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Posted 27 Dec 2016

Sharing Code Between Azure Functions

, 27 Dec 2016
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How to share code between Azure functions

Once I had my Azure Search Indexer Failure Notifier working as an Azure Function, I needed to make it run on all of our Indexers. I had 3 choices for sharing common code:

  1. Copy/Paste
  2. Have one big function that checked every indexer
  3. Find some way to share code between functions

Option #1 was right out. I’ve seen that turn ugly in the past and have no desire to create such a mess for future me or anyone else.

Option #2 is a pretty good option, and would have been the simplest path to done. I went with option #3 mostly to learn how to share code. I know that knowledge will come in handy some day.

I was looking at the samples of the azure-webjobs-sdk-script repository and noticed the Shared folder.

First thing I moved was my GetEnvironmentVariable method. I created a file called Settings.csx in the Shared folder and created a public static class to hold the method.

using System;

public static class Settings 
{
	public static string GetSetting(string settingName)
	{
        return System.Environment.GetEnvironmentVariable
                 (settingName, EnvironmentVariableTarget.Process);
	}
}

Then at the top of the run.csx, just put #load "../shared/settings.csx".

I can then replace my calls to GetEnvironmentVariable("settingName") with Settings.GetSetting("settingName").

That worked great, so I continued to try to move the meat of the index watcher code. I created a SearchIndexerWatcher folder under in the Shared folder and created an IndexerWatcher.csx there and moved all of the code for checking the index status to that file.

#load "../Settings.csx"

using System;
using SendGrid.Helpers.Mail;
using Microsoft.Azure.Search;

public static class IndexerWatcher {

    public static Mail GetFailureNotification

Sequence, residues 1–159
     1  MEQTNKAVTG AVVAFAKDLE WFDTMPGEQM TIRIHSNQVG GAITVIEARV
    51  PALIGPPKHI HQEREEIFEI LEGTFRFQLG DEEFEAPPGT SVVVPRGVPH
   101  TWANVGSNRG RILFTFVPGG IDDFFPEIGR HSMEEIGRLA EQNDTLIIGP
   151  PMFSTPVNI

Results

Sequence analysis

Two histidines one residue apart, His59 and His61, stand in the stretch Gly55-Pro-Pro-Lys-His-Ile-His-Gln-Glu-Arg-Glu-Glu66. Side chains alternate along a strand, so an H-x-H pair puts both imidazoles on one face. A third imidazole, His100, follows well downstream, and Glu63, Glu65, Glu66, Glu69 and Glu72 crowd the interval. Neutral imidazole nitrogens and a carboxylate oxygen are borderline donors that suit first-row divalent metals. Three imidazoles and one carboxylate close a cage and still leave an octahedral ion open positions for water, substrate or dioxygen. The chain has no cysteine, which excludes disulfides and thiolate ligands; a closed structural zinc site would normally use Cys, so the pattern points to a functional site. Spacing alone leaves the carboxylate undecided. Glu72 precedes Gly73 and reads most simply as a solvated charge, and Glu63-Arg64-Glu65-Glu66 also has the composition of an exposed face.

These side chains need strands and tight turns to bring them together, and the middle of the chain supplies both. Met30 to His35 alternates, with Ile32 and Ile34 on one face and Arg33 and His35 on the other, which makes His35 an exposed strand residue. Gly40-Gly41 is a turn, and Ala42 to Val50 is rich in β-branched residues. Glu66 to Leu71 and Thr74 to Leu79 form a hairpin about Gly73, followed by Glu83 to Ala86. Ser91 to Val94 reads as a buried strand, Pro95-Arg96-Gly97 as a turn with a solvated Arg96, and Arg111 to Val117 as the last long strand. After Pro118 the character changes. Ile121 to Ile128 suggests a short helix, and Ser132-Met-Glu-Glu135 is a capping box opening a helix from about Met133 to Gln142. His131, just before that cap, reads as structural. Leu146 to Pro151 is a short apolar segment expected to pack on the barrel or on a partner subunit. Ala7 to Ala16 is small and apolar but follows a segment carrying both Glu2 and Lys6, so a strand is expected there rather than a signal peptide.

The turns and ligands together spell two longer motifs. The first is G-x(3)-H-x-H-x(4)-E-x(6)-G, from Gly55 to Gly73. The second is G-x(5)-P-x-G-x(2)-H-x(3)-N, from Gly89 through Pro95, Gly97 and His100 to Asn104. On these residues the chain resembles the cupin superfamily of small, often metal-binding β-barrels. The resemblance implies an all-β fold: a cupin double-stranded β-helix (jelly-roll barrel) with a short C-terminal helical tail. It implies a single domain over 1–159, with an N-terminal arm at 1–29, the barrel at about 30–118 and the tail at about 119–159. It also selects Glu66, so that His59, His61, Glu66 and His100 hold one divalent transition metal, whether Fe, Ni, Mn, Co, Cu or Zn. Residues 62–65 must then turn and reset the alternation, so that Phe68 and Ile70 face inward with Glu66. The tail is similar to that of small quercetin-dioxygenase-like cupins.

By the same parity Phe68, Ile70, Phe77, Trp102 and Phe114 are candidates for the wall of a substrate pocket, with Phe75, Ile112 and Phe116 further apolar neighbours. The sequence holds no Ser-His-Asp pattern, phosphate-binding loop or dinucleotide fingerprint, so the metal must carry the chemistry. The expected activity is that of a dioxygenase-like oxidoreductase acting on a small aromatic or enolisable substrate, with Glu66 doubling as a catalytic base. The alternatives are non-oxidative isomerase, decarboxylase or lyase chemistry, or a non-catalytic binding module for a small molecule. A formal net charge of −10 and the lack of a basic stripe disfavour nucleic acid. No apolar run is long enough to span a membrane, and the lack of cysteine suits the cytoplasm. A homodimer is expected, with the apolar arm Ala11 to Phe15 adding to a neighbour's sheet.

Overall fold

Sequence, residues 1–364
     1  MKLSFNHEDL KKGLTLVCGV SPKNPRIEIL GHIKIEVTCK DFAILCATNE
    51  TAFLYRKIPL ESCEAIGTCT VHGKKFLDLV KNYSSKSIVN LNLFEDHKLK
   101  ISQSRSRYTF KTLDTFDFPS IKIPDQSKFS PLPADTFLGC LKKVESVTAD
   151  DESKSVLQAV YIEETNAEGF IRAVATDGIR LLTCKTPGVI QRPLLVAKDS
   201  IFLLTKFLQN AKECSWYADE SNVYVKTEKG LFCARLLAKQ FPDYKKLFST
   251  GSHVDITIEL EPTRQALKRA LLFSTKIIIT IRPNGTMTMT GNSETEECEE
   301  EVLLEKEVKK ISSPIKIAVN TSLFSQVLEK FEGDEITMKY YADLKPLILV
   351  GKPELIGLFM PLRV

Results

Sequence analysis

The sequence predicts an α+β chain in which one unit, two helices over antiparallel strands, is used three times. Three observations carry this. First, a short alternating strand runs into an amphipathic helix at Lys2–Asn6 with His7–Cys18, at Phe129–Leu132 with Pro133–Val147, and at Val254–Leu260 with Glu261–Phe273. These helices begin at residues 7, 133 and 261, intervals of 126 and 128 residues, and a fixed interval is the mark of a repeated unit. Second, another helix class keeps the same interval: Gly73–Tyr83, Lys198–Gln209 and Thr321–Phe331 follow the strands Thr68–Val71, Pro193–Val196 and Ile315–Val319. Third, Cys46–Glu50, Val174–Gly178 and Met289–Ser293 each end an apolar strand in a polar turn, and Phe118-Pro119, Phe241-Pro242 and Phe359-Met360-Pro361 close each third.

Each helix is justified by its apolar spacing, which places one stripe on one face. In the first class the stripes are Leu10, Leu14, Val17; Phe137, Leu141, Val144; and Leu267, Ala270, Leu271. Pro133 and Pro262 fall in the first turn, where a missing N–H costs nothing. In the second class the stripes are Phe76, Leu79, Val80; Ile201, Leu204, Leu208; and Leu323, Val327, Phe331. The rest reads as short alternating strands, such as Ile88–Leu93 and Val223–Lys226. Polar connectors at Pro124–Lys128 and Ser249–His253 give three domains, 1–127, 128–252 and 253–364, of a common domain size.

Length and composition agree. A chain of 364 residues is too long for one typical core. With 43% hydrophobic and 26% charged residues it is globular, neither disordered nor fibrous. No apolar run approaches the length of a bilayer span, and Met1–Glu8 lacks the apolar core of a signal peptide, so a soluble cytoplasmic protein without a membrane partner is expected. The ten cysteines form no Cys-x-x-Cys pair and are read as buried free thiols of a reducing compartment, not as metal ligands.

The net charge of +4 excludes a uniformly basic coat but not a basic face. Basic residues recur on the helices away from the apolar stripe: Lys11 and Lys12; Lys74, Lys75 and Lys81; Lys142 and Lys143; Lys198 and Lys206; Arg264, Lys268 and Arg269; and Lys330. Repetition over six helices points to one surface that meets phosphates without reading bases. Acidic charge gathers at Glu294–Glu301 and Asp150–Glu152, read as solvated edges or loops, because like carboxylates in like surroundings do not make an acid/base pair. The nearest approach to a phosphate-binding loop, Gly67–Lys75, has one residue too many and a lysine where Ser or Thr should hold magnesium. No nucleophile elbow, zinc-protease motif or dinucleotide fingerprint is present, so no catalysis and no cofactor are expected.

(string searchService, string searchIndexer, TraceWriter log)
    {
        var apiKey = Settings.GetSetting("SearchApiKey");
        string body = "";

        var client = new SearchServiceClient(searchService, new SearchCredentials(apiKey));

        var status = client.Indexers.GetStatus(searchIndexer);

        foreach (var hist in status.ExecutionHistory)
        {
            if (hist.EndTime > DateTime.UtcNow.AddMinutes(-65) && 
                           !string.IsNullOrWhiteSpace(hist.ErrorMessage))
            {
                body += hist.ErrorMessage + Environment.NewLine;
            }
        }

        Mail message = null;
        if (!string.IsNullOrEmpty(body))
        {
            message = new Mail();

            Content content = new Content
            {
                Type = "text/plain",
                Value = body
            };

            message.AddContent(content);
        }
        return message;
    }
}

Notice that this code references the Settings.csx from the Shared folder.

Now my main function is just setting specifying the SearchService and SearchIndexer, then calling this function.

#r "SendGrid"
#load "..\Shared\SearchIndexerWatcher\IndexerWatcher.csx"

using SendGrid.Helpers.Mail; 

public static void IndexWatcher_Prod(SearchIndexer input, TraceWriter log, out Mail message)
{
    var searchService = "mySearchService";
    var searchIndexer = "myBlobIndexer";

    message = null;IndexerWatcher.GetFailureNotification(searchService, searchIndexer, log);    
}

So this mostly works as expected. The Run.csx has the #r to pull in the SendGrid reference and the #load to pull in IndexerWatcher.csx. IndexerWatcher.csx then pulls in Settings.csx.

Except when I created a new function for another one of our indexers, it failed to compile because I forgot the project.json. And that’s where things get tricky. That project.json pulls the Microsoft.Azure.Search reference down from Nuget. We have no references to Microsoft.Azure.Search in the run.csx, so logically I’d like to put that in the Shared/SearchIndexerWatcher folder. But it doesn’t work from there, it has to be in the root of the function’s folder.

That’s not ideal because when I reuse the IndexWatch.csx later, I may not realize what dependencies need to be added to the project.json. I decided to leave the project.json in the Shared/SearchIndexerWatcher folder as a reference for what would need to be added to the function’s project.json.

Things I’m thinking about going forward:

  1. Add a readme.md to the Shared/SearchIndexerWatcher folder to document how to use that file and what needs to be added to the project.json. Then remove the project.json.
  2. Split the IndexerWatcher from the SendGrid Mail generation so that code can be shared more broadly.

License

This article, along with any associated source code and files, is licensed under The Code Project Open License (CPOL)

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About the Author

Jeremy Hutchinson
Software Developer
United States United States
I develop applications using Angular, ASP.Net MVC and SQL hosted on AWS by day, and in my free time I develop apps for Windows Phone and Windows 10 as well as web apps hosted in Azure. I always try to blog about what I've learned.

I also help run the Casco Bay .Net User Group

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